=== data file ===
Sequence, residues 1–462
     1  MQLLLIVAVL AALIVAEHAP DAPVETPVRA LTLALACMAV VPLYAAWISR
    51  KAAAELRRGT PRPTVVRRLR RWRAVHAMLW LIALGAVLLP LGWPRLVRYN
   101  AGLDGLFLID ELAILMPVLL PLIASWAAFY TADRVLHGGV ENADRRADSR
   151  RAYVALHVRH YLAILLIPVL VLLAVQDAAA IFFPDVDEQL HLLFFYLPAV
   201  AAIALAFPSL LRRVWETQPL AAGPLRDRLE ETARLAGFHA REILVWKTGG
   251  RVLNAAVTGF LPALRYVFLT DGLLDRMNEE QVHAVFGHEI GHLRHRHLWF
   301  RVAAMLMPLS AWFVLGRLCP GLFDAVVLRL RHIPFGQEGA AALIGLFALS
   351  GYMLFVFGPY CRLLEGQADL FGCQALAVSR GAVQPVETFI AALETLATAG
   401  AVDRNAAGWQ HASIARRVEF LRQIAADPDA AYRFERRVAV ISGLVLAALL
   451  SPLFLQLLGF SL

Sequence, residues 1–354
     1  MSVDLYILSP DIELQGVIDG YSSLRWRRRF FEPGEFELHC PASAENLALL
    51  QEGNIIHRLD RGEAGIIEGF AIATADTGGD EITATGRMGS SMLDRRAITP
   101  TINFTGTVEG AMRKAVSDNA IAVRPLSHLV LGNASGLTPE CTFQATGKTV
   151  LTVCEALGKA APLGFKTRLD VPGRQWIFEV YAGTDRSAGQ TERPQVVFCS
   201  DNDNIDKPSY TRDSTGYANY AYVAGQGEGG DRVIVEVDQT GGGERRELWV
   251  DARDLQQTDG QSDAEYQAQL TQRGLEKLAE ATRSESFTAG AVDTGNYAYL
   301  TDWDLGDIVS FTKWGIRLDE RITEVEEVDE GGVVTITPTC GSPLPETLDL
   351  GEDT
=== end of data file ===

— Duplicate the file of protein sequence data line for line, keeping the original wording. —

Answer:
Sequence, residues 1–462
     1  MQLLLIVAVL AALIVAEHAP DAPVETPVRA LTLALACMAV VPLYAAWISR
    51  KAAAELRRGT PRPTVVRRLR RWRAVHAMLW LIALGAVLLP LGWPRLVRYN
   101  AGLDGLFLID ELAILMPVLL PLIASWAAFY TADRVLHGGV ENADRRADSR
   151  RAYVALHVRH YLAILLIPVL VLLAVQDAAA IFFPDVDEQL HLLFFYLPAV
   201  AAIALAFPSL LRRVWETQPL AAGPLRDRLE ETARLAGFHA REILVWKTGG
   251  RVLNAAVTGF LPALRYVFLT DGLLDRMNEE QVHAVFGHEI GHLRHRHLWF
   301  RVAAMLMPLS AWFVLGRLCP GLFDAVVLRL RHIPFGQEGA AALIGLFALS
   351  GYMLFVFGPY CRLLEGQADL FGCQALAVSR GAVQPVETFI AALETLATAG
   401  AVDRNAAGWQ HASIARRVEF LRQIAADPDA AYRFERRVAV ISGLVLAALL
   451  SPLFLQLLGF SL

Sequence, residues 1–354
     1  MSVDLYILSP DIELQGVIDG YSSLRWRRRF FEPGEFELHC PASAENLALL
    51  QEGNIIHRLD RGEAGIIEGF AIATADTGGD EITATGRMGS SMLDRRAITP
   101  TINFTGTVEG AMRKAVSDNA IAVRPLSHLV LGNASGLTPE CTFQATGKTV
   151  LTVCEALGKA APLGFKTRLD VPGRQWIFEV YAGTDRSAGQ TERPQVVFCS
   201  DNDNIDKPSY TRDSTGYANY AYVAGQGEGG DRVIVEVDQT GGGERRELWV
   251  DARDLQQTDG QSDAEYQAQL TQRGLEKLAE ATRSESFTAG AVDTGNYAYL
   301  TDWDLGDIVS FTKWGIRLDE RITEVEEVDE GGVVTITPTC GSPLPETLDL
   351  GEDT